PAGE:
This might sound obvious, but you can’t ever have too much practice. It’s possible to get up to speed with the basics of editing fairly quickly, but it can take years to get really good. You never stop learning, even over the course of decades – technology and software move on, and editorial fashions and tastes change. Keeping up to date with innovations and reflecting on your practice never stop being important.

photo 2016 croppedBy Liz Jones has been an editor since 1998, and full-time freelance since 2008; she is an Advanced Professional Member of the SfEP. She specialises in trade non-fiction, fiction and educational publishing, but also works with a range of business clients and individuals. When not editing she writes fiction, and also blogs about editing and freelancing at Eat Sleep Edit Repeat.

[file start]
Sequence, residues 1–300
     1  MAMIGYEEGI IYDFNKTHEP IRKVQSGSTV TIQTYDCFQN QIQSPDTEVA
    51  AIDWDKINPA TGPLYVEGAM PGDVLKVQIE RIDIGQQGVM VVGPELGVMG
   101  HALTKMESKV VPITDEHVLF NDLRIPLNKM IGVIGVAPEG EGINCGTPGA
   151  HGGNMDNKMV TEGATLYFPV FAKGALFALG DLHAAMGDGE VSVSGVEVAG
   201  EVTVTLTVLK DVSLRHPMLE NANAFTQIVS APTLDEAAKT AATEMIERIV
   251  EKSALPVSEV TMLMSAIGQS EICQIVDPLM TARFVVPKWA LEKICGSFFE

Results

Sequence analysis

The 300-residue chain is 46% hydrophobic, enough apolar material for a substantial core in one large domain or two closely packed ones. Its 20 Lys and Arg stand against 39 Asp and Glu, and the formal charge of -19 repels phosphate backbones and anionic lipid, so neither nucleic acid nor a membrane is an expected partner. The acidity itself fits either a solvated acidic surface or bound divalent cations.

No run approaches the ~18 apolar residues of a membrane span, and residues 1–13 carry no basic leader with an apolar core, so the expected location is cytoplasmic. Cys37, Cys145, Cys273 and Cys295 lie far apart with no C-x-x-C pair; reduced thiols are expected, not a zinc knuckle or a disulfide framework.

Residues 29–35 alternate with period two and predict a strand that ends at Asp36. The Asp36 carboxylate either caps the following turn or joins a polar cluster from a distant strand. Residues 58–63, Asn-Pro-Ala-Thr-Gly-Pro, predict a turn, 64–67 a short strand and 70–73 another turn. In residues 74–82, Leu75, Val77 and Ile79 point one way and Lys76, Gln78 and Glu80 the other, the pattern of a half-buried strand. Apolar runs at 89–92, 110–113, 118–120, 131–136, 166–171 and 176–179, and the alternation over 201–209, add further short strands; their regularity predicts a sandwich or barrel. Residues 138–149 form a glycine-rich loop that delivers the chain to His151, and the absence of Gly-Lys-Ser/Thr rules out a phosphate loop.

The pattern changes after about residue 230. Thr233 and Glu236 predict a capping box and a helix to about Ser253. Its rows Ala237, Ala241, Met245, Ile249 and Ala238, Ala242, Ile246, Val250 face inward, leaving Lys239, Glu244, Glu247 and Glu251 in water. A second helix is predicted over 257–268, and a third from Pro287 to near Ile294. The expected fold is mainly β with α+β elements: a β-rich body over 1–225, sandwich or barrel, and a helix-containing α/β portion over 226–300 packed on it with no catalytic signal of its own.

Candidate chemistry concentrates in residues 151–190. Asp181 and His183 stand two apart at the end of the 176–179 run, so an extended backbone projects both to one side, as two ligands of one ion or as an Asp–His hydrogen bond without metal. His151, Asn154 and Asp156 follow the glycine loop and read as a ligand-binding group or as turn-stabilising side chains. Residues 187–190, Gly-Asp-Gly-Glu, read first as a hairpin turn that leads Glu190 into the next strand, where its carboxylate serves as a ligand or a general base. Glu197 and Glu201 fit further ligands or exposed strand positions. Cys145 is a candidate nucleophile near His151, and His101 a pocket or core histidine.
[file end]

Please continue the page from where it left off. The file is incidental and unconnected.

Posted by Tracey Roberts, SfEP blog coordinator.

The views expressed here do not necessarily reflect those of the SfEP

Image: Photopin. Creative Commons (license).

A day in my life: Lucy Metzger

IMG_2999What exactly do editors and proofreaders get up to every day? This is a question we will be exploring in a new, regular feature: A day in my life. We start off with an insight into the life of SfEP regional development director Lucy Metzger.

I’m at work the moment my feet hit the floor around 6.15 a.m., but I don’t start getting paid until about 9.00 a.m. In between I’m waking teenagers, making teas and coffees (I must add that later in the day my teenagers sometimes make ME a cuppa) and packed lunches, waking teenagers again, telling teenagers I don’t know the whereabouts of their headphones/maths jotters/black-cardigan-no-not-THAT-black-cardigan, waking teenagers again and finally ensuring that they all end up in school. I drive home on a wee stretch of country road to escape the school-run traffic. That little drive, listening to the tail end of the Today programme, eases my transition from Mother Lucy to Editor Lucy.